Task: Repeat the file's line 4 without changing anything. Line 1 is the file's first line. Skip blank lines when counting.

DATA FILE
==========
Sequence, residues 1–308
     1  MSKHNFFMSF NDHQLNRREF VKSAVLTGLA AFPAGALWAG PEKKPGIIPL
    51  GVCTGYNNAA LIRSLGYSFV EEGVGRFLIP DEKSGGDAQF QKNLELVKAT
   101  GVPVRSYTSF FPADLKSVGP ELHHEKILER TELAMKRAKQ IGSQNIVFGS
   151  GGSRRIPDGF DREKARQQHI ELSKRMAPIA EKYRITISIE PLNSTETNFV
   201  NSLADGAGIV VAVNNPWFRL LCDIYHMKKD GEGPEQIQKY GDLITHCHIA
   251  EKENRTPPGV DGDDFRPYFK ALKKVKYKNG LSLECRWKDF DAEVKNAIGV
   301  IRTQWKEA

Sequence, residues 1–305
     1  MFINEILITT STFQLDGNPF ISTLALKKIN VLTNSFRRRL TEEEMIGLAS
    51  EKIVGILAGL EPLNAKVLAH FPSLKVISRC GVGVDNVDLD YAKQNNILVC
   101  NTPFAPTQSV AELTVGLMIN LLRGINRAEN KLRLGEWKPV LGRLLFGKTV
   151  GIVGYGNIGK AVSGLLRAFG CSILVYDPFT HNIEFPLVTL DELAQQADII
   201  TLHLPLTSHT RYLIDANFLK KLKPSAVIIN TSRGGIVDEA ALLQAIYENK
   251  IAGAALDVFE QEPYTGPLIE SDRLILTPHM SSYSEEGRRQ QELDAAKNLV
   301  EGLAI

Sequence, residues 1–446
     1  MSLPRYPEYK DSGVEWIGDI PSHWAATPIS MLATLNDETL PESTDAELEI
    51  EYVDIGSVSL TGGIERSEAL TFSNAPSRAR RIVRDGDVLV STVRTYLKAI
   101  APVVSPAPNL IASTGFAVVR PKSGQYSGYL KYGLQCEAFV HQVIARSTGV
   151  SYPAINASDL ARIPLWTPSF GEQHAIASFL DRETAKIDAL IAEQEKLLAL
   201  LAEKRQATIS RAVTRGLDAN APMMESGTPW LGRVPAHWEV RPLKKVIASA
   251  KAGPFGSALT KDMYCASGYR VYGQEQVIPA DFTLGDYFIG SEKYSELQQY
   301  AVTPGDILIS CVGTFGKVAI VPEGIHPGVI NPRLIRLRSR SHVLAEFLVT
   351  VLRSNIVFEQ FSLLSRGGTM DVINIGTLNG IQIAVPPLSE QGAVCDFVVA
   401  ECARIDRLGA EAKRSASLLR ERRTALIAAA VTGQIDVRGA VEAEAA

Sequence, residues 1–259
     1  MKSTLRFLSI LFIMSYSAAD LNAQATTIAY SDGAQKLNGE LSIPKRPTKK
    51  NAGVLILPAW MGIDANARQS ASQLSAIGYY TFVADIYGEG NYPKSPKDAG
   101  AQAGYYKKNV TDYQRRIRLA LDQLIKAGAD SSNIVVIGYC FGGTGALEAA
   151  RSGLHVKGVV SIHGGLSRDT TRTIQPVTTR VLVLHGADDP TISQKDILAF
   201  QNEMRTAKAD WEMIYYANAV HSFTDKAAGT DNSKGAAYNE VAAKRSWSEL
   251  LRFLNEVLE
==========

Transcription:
   101  GVPVRSYTSF FPADLKSVGP ELHHEKILER TELAMKRAKQ IGSQNIVFGS